Yet another twist in living with a spinal injury...

Niall Strawson

Niall Strawson

First published in News Oxford Mail: Photograph of the Author by

Weeing. We all do it. Yes I’m talking urine. We all make it and we all need to pass it. For me it’s a different experience. Most people assume it’s just my legs that don’t work but actually it’s everything below my injury site. In my case that’s everything below my chest.

When I was in rehab my psychotherapist told me that that the biggest ongoing problem for the spinally injured is not the inability to walk but actually dealing with bladder and bowel. This came as a shock to me as I was focusing on my legs.

For me to pass urine I need to use a catheter. Some of you may have had a catheter for an operation. In this instance it’s called an indwelling. This is put in once, stays in and continuously drains urine into a bag. You can use this style and have a leg bag as a wheelchair user but it’s a bit grim with a bag of urine sloshing about and trust me it tugs on your bladder – which even with limited sensation is uncomfortable.

The alternative is using a disposable catheter each time you need to go. I guess it’s a bit like one day contact lenses. I just put it in, wee into a bottle, chuck the wee down the loo and the catheter in the bin. Easy.

One of the things they tell you in rehab is that this kind of catheter use comes with a risk. When you introduce a catheter into your bladder multiple times a day there is a higher chance of urinary tract infection (UTI). It’s true, I have had loads of them. You can tell by dark and smelly wee – I’m very good at self diagnosis. To be honest it’s normally a case of drink lots of water and the classic cranberry juice to flush it out.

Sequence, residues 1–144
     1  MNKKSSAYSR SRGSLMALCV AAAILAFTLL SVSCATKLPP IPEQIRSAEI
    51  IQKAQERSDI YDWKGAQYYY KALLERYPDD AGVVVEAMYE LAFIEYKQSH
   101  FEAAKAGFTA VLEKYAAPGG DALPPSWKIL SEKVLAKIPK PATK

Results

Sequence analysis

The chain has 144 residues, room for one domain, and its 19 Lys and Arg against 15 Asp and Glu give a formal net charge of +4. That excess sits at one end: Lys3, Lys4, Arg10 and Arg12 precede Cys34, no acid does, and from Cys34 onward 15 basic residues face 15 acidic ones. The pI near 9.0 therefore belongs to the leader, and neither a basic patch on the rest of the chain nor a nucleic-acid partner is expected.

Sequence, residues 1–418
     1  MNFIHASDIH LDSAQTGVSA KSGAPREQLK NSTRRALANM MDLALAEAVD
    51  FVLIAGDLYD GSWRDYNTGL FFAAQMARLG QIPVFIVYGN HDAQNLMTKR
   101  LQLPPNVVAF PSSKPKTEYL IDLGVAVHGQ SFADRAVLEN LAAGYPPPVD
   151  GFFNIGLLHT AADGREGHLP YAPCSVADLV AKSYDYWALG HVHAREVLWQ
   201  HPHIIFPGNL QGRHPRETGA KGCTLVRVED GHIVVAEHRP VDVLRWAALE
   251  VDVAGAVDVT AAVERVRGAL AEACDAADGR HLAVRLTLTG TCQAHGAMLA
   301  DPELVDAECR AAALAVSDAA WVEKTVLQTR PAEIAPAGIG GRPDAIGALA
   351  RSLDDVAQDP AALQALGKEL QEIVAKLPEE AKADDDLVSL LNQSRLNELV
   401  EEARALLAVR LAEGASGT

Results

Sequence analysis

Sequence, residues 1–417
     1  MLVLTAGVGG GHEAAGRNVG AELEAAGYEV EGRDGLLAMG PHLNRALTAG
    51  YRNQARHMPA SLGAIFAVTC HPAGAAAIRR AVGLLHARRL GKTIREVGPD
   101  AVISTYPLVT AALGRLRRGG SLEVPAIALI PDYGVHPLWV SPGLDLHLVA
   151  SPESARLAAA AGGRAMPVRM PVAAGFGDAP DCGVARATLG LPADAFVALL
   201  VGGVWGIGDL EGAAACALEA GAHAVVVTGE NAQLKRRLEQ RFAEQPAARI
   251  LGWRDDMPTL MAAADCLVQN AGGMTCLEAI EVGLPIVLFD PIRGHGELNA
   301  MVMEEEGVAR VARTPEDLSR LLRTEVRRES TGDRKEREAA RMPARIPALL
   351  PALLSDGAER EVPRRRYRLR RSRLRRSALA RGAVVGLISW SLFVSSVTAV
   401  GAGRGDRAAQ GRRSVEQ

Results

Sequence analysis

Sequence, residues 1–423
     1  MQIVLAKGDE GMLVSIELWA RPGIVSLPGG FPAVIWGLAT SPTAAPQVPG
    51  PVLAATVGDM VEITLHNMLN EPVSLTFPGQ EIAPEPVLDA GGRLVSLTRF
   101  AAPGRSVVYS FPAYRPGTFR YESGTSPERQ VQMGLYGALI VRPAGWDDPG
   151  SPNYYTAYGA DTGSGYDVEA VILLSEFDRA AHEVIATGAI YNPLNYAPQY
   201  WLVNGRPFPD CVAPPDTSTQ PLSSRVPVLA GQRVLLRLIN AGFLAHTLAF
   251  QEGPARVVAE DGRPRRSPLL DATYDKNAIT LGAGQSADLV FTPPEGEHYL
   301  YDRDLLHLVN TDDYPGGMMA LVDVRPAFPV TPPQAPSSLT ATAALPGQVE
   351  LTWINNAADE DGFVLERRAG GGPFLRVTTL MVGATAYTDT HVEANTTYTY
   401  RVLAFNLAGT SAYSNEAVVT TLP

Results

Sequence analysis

Recently I had a particularly stubborn one. To be honest as it’s pretty much symptom free I just hoped it would pass as others have in the past. Foolish mistake. One evening last week I got home from work and felt quite achy. This rapidly descended into fever, headache, weakness, shallow breathing and the shakes. As I live alone I felt scared and I felt so grim all I could focus on was getting from my chair into bed. After a sleepless and sweaty night I managed to get to the doctors who confirmed that I had a UTI and immediately put me on antibiotics.

Turns out that I had uro-sepsis, a body-wide infection spreading from my bladder. Instead of going to bed I should have called 999 as it’s quite easy to slip into a coma and even die if left untreated. Nobody told me that at rehab.

This was a good lesson for me and I guess that makes this column a public health announcement. UTIs are common especially amongst women.

Don’t underestimate them. It would have been a nightmare if I had survived a traumatic injury. Ten months in hospital to be killed off by a UTI. Yet another twist and turn in living with a spinal injury.

 

email: disabledspace@oxfordmail.co.uk

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